NIOSHTIC-2 Publications Search
Early predictors of chronic work disability associated with carpal tunnel syndrome: a longitudinal workers' compensation cohort study.
Turner-JA; Franklin-G; Fulton-Kehoe-D; Sheppard-L; Wickizer-TM; Wu-R; Gluck-JV; Egan-K; Stover-B
Am J Ind Med 2007 Jul; 50(7):489-500
BACKGROUND: The study objectives were to identify early predictors of chronic work disability associated with carpal tunnel syndrome (CTS) and to test the hypothesis that variables from each of several domains (sociodemographic, clinical, work-related, and psychosocial) would add unique predictive information. METHODS: Washington State workers were interviewed 18 days (median) after submitting a new workers' compensation claim for CTS. Baseline predictors of chronic work disability (> or =180 days of work disability compensation in the year after claim submission) were examined for workers who had at least 1 day of disability compensation (N = 899). RESULTS: Baseline demographic variables, symptom severity, functional limitations, lack of job accommodation, job physical demands, job psychosocial conditions, and worker psychosocial characteristics predicted chronic disability bivariately. Each domain of variables added significantly to the prediction of chronic disability. The final multivariable model had fair ability to discriminate individuals with versus without chronic disability (cross-validated area under the ROC curve = 0.76). CONCLUSIONS: Sociodemographic, clinical, work-related, and worker psychosocial factors early in a claim contribute unique information to the prediction of subsequent work disability associated with CTS.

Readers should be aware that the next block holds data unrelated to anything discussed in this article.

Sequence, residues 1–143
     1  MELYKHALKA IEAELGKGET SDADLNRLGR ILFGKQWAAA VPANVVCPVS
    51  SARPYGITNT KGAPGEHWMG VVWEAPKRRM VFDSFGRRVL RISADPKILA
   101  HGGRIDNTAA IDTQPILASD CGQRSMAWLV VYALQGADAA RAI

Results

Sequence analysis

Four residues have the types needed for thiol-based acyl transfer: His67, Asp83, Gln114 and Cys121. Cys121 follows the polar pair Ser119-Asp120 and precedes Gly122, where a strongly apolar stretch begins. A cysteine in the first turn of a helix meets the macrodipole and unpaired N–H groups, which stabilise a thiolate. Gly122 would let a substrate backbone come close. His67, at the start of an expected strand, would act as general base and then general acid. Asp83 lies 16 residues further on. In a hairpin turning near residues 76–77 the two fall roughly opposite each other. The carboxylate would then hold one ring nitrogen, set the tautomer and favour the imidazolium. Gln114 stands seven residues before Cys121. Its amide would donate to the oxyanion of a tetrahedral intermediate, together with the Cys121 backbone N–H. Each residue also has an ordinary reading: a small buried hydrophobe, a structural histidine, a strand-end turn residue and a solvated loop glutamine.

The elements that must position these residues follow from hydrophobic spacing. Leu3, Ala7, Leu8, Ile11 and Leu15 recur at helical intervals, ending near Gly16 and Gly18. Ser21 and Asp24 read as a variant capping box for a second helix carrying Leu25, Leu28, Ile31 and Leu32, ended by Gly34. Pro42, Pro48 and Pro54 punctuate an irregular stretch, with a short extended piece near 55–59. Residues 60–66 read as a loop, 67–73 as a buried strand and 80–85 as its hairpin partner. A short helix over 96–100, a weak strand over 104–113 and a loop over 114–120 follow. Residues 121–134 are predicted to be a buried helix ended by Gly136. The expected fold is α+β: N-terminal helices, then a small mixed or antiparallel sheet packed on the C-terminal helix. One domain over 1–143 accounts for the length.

Musculoskeletal-system-disorders; Carpal-tunnel-syndrome; Psychological-responses; Psychological-effects; Psychophysiology; Sociological-factors; Demographic-characteristics; Work-analysis; Work-performance; Work-environment
Judith A. Turner, University of Washington School of Medicine, Department of Psychiatry and Behavioral Sciences, Box 356560, Seattle, WA 98195
Issue of Publication
American Journal of Industrial Medicine
University of Washington
Page last reviewed: March 11, 2019
Content source: National Institute for Occupational Safety and Health Education and Information Division